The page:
Last week IBM previewed a new service for IBM Bluemix, called Social File Sharing. As some of my readers will know this is the work from my previous team, the IBM Connections app dev team, and I actually implemented the first version/prototype of the service broker. Since several people have asked me how to do this, let me give a quick overview.
The IBM Bluemix catalog provides 16 services right now that have been provided by third parties, for example MongoLab, SendGrid and Memcached Cloud. Partners who are interested to add their own services should check out the IBM Cloud marketplace landing page for partners.
Technically in order to add a service to Bluemix a service broker needs to be developed, hosted and registered. CloudFoundry defines a service broker API and it defines how to manage service brokers. However these APIs are not directly used by third parties. Instead IBM cooperates with AppDirect which allows developers to write only one service broker and deploy it to various platforms:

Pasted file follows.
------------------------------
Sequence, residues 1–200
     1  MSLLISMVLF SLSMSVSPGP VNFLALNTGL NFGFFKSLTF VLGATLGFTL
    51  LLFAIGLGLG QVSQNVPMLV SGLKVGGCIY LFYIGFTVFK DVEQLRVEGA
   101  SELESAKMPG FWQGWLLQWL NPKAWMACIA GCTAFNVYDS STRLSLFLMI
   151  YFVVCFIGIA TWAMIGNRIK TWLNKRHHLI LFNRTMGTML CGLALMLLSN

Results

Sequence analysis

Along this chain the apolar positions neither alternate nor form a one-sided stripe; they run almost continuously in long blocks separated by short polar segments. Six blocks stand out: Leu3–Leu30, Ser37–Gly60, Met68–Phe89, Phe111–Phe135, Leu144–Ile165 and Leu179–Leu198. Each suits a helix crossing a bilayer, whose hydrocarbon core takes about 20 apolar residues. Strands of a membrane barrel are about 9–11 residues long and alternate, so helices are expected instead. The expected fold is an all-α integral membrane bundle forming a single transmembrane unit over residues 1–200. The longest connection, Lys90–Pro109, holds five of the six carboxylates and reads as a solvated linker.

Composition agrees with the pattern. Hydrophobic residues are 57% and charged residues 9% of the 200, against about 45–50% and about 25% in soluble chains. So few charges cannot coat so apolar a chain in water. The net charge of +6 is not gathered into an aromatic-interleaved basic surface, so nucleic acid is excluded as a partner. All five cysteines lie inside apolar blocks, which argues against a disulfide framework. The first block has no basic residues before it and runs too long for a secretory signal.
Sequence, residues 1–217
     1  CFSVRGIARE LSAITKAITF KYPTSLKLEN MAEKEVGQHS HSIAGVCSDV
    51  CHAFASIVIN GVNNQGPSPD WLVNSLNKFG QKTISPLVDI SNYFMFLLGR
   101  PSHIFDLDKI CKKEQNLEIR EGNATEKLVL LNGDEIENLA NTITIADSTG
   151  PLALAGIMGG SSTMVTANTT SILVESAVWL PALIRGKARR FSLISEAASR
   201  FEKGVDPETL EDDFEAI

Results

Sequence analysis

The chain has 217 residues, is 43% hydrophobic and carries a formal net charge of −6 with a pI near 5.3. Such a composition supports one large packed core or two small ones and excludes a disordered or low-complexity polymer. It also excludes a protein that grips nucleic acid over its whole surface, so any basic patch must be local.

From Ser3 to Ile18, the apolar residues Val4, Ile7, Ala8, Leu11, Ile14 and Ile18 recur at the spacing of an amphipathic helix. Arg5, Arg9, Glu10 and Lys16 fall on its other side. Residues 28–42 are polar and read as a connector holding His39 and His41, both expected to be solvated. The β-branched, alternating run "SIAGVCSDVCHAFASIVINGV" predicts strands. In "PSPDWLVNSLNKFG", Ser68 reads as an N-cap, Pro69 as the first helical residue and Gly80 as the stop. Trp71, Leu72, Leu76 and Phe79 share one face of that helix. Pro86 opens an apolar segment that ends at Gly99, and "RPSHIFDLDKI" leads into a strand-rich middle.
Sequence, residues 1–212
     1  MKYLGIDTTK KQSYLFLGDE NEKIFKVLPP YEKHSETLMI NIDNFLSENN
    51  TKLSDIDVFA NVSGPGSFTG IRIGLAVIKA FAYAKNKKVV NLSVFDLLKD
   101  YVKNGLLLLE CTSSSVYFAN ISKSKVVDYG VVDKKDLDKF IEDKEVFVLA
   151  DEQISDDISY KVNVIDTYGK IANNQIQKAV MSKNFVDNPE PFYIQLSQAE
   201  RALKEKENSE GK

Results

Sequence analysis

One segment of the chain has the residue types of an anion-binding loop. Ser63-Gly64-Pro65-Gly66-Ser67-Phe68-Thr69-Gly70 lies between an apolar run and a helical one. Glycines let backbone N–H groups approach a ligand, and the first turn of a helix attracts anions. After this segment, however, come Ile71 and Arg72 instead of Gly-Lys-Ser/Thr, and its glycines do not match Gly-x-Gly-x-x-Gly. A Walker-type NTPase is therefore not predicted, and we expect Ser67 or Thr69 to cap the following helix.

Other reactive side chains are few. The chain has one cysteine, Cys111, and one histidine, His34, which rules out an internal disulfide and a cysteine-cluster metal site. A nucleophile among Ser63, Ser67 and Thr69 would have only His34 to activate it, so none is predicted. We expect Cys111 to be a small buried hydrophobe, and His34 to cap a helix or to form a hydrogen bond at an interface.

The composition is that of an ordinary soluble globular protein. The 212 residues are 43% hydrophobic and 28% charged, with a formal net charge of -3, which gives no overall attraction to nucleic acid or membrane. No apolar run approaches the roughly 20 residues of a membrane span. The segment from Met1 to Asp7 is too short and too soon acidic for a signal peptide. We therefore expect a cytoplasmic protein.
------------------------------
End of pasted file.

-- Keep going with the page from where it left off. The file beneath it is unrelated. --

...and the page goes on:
“AppDirect offers the only cloud service delivery platform that exceeds the functionality provided by the most established distribution channels for on demand services, such as the Google Application Marketplace, Salesforce Appexchange, and the Apple App Store.”
Implementing a service broker is straight forward. Essentially you need to implement the following REST APIs:
– Return the description of the service and the plans that show up in the catalog
– Create a new service instance: this is typically where user accounts are created, resources are reserved, etc.
– Bind a service instance to (a) specific application(s): this is where the credentials of the service are passed to the application
– Unbind and delete service instances
– Provide single sign on when the dashboard of a service is invoked from Bluemix